Malware Removal Tips

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How did I get infected? Who would program a fake AV and Why? Removal Instructions

 Introduction

What is a Fake Antivirus?

A common issue faced by IT Professionals and end users alike is the trend towards Fake Antivirus type malware.  It is different than the old fashioned computer virus because it makes itself visible immediately.  A virus would rather go undetected so that it can do damage for as long as possible.  The point of the Fake Antivirus is hoping that YOU will let it access your computer while it’s tricking you into believing that it is your antivirus program.  A secondary goal is a hope that you will purchase the “Full Version” either online or on the phone.  It is easy to fall for because of the surprisingly convincing way in which this malware presents itself.

This looks like a legitimate antivirus software, honestly it reminds me of Windows Defender.

This looks like a legitimate antivirus software, honestly it reminds me of Windows Defender.

The example above is a good representation of most Fake Antivirus software.  Most people don’t pay much attention to what type of antivirus software they have on their computer, or it changes its appearance slightly with every upgrade or update.  The trick here is that the malware attempts to create a belief in you that your computer is infected, and your personal files are in danger.  If successful, most people will quickly take action, and the action they want you to take is to purchase their fake antivirus product.  Once you do that you’ve given your credit card to a malicious third party, who will certainly charge it the agreed upon amount, and then may sell it or just continue to charge small amounts periodically.  This instant payoff for the hacker, coupled with the fear factor of losing data have contributed to the quick rise of this type of malware.

How did I get it?

Most people get fake antivirus from clicking on a malicious ad on a website.  The website may be infected with or without the knowledge of the person running the site, or the website owner may have placed ads on his/her site that contained malicious code without knowing it.  Usually you will see these on websites that are, lets just say out of the main stream.  It’s highly unlikely that you will get exposed to malware of this sort on Yahoo, MSN, CNN etc.  The first time I saw this my wife was listening to Pandora, and decided to look up the lyrics to a song that was playing.  She did a search for the lyrics to that song and the site she clicked on had malicious code.  By the time I saw the computer it was going crazy!  Pop up ads on sites that didn’t usually have pop up ads, some sites not working at all.  The main thing was this program kept coming up over whatever you were trying to do telling you that you were infected, which really is ironic because it IS THE INFECTION!  Sometimes a fake antivirus is just stage two of an unrelated malware infection.  If you get spyware or adware on your computer, that will cause pop-ups to appear on sites that do not have them embedded.  When someone calls me and says Google.com is full of weird ads, I want to cut the end off of their CAT5 cable.  Sometimes the ads imbedded by adware/spyware will contain links that lead to fake antivirus software, which could potentially be more profitable for the person in charge of the infection.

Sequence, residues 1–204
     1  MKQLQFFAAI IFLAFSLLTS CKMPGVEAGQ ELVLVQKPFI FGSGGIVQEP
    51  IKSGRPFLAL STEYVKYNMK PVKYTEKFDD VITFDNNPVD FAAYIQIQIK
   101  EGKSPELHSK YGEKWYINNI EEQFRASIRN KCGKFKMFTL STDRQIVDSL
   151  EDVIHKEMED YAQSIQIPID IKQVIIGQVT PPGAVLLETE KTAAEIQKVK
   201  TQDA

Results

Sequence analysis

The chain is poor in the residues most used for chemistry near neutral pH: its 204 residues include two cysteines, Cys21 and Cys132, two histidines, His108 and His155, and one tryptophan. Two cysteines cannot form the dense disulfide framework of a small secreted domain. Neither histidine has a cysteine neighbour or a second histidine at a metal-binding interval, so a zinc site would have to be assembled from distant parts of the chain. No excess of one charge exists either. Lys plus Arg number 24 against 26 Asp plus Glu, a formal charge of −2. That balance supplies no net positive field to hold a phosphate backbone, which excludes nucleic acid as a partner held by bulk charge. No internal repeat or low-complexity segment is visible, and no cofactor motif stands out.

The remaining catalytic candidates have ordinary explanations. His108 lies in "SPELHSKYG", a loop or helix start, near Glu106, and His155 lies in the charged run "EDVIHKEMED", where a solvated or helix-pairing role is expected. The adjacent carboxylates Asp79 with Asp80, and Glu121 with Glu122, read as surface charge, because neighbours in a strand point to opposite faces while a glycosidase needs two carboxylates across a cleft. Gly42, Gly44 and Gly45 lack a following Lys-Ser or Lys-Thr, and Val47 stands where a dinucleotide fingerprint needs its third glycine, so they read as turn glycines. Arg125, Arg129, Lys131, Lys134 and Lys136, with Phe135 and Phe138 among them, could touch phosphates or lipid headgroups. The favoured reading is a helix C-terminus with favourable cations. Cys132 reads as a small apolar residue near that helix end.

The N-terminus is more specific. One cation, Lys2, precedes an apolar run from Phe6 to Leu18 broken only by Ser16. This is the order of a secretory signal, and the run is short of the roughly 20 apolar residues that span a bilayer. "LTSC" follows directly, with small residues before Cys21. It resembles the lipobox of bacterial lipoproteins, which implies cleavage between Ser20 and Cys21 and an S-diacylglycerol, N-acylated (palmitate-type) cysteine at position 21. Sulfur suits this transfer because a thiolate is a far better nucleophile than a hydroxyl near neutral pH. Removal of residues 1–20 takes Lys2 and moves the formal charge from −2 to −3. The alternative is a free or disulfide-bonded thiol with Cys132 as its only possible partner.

Who Makes This Malware, and Why?

The short answer to the question of why is that there is money to be made.  The sad truth is that there are people who have no trouble taking advantage of others, and no one does anything long term that does not benefit them in some way.  Let me expound, I have two main reasons for creating this blog and adding content: 1. To help people through my knowledge and life experiences and 2. To make money along the way.  If I don’t feel like I’m helping anyone AND/OR I do not ever make any money I will quit posting.  It makes me feel good to help people.  I also truly enjoy writing and I also have a family to provide for.  That is my motivation.  I can only guess at the motivation of a scammer, but I do know that every infected computer can net them money.  Somehow their conscience is warped to the point that how they are making money doesn’t bother them.  When I get a scammer on the phone I (if I have time) immediately let them know that I’m not falling for their trick, and after that I try to understand why they would want to trick people for a living.  My favorite call is the “I’m from Microsoft and I’m calling because you have a problem with your computer.”  Boy did you call the wrong guy.  Usually they hang up on me or stay with the script.  What I’ve learned from discussions with friends is that in some cultures it’s okay (even “honorable”) to trick people.  I really hope that some day I can have an honest discussion with one of these scammer phone call guys.  If I just want them to hang up I might say “Are you being held against your will?  Do you need rescuing?  Is your Momma proud of what you do?”

Removal

Step 1. STOP!